UNDP and Global Fund Strategies

A number of key partners in the response to HIV, TB and malaria, as well as other diseases, recognize the importance of promoting a rights-based approach. A number of UN, UNDP and health partner strategies[1]—which guide UNDP’s work—explicitly mention the importance of promoting a rights-based and gender-sensitive approach to achieving the Sustainable Development Goals (SDGs).  The HIV, Health and Development Strategy 2016-2021: Connecting the Dots elaborates UNDP’s core work in reducing inequalities and social exclusion that drive HIV and poor health, promoting effective and inclusive governance for health, and building resilient and sustainable systems for health. UNDP also contributes through its coordinating and convening role in bringing together multiple partners and resources at national and local levels

In the context of Global Fund grants, this is especially relevant for SDG 3:  Ensure healthy lives and promote well-being for all at all ages, which must be interpreted in light of the commitments under the cross-cutting Goal 5 on gender equality and women’s empowerment. Such an approach will help to ensure the sustainability of HIV results and support the achievement of the goals of the UNAIDS Strategy 2016-2021, the Global Fund Strategy 2017-2021 and contribute to progress on the SDGs.

In particular, the Global Fund’s Strategic Objective #3, for the 2017-2022 Strategy, calls for investments to “promote and protect human rights and gender equality.”  Strategic Objective # 3 is further developed in operational objectives, which call for: scaling-up programmes to support women and girls, including programmess to advance sexual and reproductive health and rights; investing to reduce health inequities including gender- and age-related disparities; introducing and scaling up programmes that remove human rights barriers to accessing HIV, TB and malaria services; supporting meaningful participation of key and vulnerable populations and networks in Global Fund-related processes; and integrating human rights considerations throughout the grant cycle and in policies and policymaking processes.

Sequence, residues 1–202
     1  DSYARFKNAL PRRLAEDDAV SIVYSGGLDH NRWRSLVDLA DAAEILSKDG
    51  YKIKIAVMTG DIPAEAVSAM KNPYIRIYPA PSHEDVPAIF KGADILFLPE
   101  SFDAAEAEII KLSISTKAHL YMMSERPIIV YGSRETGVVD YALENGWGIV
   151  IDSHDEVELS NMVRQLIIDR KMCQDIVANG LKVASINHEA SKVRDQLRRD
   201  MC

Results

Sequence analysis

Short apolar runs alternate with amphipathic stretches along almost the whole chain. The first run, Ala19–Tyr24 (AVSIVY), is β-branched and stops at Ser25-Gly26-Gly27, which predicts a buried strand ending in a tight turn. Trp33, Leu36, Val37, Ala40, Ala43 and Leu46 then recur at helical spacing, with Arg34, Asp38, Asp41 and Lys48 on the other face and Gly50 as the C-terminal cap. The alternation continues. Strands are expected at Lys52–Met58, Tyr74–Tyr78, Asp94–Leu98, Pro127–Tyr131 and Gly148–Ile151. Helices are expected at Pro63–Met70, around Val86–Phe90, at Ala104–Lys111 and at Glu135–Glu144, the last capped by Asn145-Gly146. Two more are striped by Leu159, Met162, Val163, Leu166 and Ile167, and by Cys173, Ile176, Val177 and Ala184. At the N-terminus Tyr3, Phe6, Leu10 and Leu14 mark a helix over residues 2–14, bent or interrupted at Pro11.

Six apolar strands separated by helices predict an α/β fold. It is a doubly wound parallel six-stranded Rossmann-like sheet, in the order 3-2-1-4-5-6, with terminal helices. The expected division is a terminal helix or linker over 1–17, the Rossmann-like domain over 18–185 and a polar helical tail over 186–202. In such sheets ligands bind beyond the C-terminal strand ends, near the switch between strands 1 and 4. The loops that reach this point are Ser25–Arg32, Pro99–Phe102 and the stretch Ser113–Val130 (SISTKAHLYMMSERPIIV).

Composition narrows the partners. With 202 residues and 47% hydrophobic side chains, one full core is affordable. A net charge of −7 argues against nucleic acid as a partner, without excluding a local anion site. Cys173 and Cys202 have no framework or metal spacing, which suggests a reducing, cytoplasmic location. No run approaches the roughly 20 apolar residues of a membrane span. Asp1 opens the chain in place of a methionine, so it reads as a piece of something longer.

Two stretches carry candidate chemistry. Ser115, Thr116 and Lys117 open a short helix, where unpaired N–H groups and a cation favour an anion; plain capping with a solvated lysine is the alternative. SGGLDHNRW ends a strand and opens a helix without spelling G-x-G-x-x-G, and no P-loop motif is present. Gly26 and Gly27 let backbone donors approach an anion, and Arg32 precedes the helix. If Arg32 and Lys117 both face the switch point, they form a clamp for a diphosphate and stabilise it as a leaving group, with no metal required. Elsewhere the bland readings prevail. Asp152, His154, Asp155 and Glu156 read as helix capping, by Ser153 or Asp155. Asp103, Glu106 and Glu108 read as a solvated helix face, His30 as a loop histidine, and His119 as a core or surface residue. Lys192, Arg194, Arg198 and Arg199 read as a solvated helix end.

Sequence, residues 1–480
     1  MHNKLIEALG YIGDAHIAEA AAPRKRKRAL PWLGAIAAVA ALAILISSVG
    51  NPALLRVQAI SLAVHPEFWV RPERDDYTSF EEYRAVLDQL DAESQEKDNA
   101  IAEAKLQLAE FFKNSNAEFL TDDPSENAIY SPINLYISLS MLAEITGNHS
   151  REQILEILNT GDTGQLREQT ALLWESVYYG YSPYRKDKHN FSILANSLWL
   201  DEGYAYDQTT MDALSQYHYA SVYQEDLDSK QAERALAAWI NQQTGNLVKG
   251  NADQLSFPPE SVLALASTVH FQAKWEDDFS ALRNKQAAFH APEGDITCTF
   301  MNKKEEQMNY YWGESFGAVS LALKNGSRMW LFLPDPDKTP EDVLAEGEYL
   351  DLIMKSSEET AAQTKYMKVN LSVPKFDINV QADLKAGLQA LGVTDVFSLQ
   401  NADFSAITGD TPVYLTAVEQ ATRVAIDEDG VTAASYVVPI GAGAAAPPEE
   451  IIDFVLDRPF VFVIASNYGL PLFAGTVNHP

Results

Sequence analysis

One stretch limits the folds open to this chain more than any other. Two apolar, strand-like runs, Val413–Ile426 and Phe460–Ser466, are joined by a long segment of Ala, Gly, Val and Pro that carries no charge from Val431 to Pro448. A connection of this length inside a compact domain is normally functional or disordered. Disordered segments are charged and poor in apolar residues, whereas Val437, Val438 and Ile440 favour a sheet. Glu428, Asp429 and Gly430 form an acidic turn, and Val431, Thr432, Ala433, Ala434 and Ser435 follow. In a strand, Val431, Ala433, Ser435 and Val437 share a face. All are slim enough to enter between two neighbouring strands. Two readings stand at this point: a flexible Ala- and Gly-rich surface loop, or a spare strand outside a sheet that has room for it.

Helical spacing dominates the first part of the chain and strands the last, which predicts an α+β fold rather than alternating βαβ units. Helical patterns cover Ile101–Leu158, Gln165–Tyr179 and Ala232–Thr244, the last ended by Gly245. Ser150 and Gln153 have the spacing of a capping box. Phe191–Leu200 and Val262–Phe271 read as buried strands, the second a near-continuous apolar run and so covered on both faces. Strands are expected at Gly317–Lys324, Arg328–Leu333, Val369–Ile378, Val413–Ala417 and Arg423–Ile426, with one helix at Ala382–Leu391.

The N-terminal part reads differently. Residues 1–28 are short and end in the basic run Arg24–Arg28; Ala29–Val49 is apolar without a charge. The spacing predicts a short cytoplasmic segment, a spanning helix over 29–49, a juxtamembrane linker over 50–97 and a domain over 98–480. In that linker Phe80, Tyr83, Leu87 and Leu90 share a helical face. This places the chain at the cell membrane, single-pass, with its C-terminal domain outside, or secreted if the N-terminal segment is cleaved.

[1]UNDP’s work in HIV and health is guided by the 2030 Agenda for Sustainable Development, the UNDP Strategic Plan 2014–2017, the UNDP Global Programme 2014–2017 and related Regional Programmes, as well as complementary UNDP strategies such as the Gender Equality Strategy 2014–2017, the Youth Strategy 2014–2017 and the UNDP Strategy on Civil Society and Civic Engagement. The work is also consistent with relevant partner strategies, including the UNAIDS Strategy 2016–2021 ‘On the Fast-Track to End AIDS’, the Global Fund Strategy 2017–2022 ‘Investing to End Epidemics’, the WHO Framework Convention on Tobacco Control (2005), the Global Action Plan for the Prevention and Control of Non-Communicable Diseases 2013-2020 and the Every Woman, Every Child initiative of the United Nations.